Wizard101 is in the last phase of the beta, the headstart phase in which characters won't be deleted any more for release. Once the game is released, you can still try it for free. Half of the first world, Wizard City, is accessible without paying, which means you can level up to about level 12 and decide whether you like the game. If you want to go on, there is a monthly subscription fee of $9.95. At some point in the future KingsIsle also wants to introduce a RMT system, where you can pay real dollars for a second virtual currency called crowns. Crowns can be exchanged against gold, or you can buy extra good gear with crowns, if you want to advance faster.

Wizard101 is a good game. It is remarkably stable and bug-free. It isn't as big as WoW or WAR, and more linear. But if you can overlook the child-suitable graphics and like more tactical combat than classic MMORPGs can offer, Wizard101 might be the game for you. And as you can try it for free, I can only suggest checking it out. Recommended!
Looks fun, I'll give it a try, and my son might like this too.
I second Tobold's recommendation. I've been playing the beta, and the game is surprisingly fun. It's not particularly deep (all there is to do is fight monsters), but the card game is a refreshing change from traditional WoW-style combat.
We have been playing the beta for months with our child. He has really enjoyed it. The rules are easy enough that we don't have to spend tons of time explaining intricacies to him, and the child protections built in seem to be working really well.

Since three of us play together, the biggest thing we had to work around was the lack of a grouping feature. We have to talk a lot to keep everyone moving in the same direction, but the "go to friend" teleportation feature helps a lot when one of us gets separated.

We limit playtime to 30-45 minutes per day, done as a family activity. Even with such relatively short daily time investments (as compared to the multiple hours often spent in adult MMOs), it is easily possible to advance your character and feel as if you accomplished something during your playtime.

All in all, I'm not sure if I'd let my child play completely alone, but as I said we have had quite a bit of fun playing together as a family.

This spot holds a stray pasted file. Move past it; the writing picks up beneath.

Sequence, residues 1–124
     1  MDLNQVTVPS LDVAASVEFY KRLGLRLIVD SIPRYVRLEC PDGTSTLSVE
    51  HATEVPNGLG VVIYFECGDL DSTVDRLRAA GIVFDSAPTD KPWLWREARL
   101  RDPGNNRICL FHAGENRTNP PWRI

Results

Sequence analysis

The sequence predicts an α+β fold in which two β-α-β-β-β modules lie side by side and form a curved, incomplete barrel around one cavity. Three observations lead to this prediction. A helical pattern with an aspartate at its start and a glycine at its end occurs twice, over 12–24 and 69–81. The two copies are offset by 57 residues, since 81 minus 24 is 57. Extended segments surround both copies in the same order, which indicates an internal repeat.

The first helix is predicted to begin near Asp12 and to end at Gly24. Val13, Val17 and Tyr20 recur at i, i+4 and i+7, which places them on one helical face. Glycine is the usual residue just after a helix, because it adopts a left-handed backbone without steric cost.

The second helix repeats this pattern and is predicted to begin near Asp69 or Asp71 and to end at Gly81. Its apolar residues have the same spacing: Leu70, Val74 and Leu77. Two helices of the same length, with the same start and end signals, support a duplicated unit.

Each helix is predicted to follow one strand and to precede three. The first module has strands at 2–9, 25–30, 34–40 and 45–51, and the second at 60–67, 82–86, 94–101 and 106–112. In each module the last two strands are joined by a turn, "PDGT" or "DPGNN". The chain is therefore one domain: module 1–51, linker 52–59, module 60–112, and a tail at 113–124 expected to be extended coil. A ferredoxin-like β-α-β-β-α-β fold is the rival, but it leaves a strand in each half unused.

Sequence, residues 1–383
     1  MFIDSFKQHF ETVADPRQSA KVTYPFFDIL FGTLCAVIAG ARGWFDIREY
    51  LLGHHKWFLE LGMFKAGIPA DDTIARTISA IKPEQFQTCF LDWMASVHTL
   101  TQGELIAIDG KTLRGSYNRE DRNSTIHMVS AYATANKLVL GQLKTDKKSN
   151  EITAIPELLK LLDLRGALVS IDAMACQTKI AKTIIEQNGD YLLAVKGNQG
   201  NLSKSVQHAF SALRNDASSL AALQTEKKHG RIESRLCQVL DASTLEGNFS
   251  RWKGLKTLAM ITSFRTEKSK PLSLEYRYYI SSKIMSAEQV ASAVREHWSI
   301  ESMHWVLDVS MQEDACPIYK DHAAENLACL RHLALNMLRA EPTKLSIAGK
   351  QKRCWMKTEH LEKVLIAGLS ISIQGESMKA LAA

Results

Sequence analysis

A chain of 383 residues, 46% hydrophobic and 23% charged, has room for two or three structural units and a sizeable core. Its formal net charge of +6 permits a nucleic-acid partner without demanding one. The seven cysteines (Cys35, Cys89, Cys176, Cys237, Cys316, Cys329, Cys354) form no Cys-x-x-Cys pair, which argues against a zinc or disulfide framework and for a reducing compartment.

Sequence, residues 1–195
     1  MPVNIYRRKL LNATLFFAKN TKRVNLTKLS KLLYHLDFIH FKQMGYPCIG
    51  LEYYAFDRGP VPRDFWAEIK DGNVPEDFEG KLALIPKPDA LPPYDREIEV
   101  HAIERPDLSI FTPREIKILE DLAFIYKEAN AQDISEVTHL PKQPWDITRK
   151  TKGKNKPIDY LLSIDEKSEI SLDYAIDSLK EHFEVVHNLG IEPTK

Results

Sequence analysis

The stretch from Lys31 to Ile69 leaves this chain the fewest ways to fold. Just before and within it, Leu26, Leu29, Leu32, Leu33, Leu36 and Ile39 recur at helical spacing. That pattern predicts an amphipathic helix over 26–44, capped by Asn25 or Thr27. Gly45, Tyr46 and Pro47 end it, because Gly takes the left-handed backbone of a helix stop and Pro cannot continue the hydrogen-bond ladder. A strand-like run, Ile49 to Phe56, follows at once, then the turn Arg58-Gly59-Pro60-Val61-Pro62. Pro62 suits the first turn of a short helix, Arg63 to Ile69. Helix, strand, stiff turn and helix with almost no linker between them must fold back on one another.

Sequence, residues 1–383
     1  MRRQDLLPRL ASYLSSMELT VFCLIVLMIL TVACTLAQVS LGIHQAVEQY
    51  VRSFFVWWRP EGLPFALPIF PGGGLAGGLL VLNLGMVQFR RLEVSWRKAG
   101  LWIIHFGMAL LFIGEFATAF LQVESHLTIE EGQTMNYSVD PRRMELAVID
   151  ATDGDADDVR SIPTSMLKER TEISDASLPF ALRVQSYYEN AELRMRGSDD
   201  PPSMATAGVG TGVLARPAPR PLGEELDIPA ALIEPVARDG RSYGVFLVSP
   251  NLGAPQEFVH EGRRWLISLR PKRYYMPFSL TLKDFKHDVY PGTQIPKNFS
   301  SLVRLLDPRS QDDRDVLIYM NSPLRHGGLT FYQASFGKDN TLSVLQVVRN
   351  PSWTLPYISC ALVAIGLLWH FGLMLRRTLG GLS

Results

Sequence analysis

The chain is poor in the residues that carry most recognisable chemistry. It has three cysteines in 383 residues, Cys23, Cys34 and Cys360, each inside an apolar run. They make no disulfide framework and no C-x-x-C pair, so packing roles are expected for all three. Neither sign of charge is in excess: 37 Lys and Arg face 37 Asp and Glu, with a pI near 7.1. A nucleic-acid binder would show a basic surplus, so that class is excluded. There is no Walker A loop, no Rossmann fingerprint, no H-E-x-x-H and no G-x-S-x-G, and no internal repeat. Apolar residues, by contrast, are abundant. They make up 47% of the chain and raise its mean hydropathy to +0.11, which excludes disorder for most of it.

Wizard101 may be for "kids", but I dropped LOTRO for it. It's a very fun and casual game. And the card game combat is pretty darn awesome. :D
Might be fun as a kids game... but card games, no thanks!
Interesting, a card-based combat system that is NOT being charged under the CCG pricing model. Still, I have a fair degree of distrust for any model that goes hybrid between subscription and microtransactions. Especially in a game that markets to kids. Seems like it'll be a big headache to tell little Timmy that no, he can't have $100 a month on top of his subscription fee to finance all his various in-game needs.
I have an awful feeling they got their marketing very wrong on this one.

I signed up for the Beta of this thinking it might interest my nine year old daughter, a veteran of Club Penguin and Buildabearville.

It held her attention for all of ten minutes. She has no interest in the combat or levelling side of the game and it didn't seem to offer the fun dress up stuff that the other games have.

I stuck with the game a bit longer than she did and I have to admit it seems extremely polished. I just amn't sure it will appeal to its target audience of kids.
Are the aesthetics and other features appealing enough to satisfy someone who might otherwise enjoy the mechanics of a game like Magic Online? I played Magic briefly but didn't have the sort of social network that Magic Online could in principle provide to really get into the game. I doubt the card mechanics in Wizard are as deep but can anyone who has played both give some insight?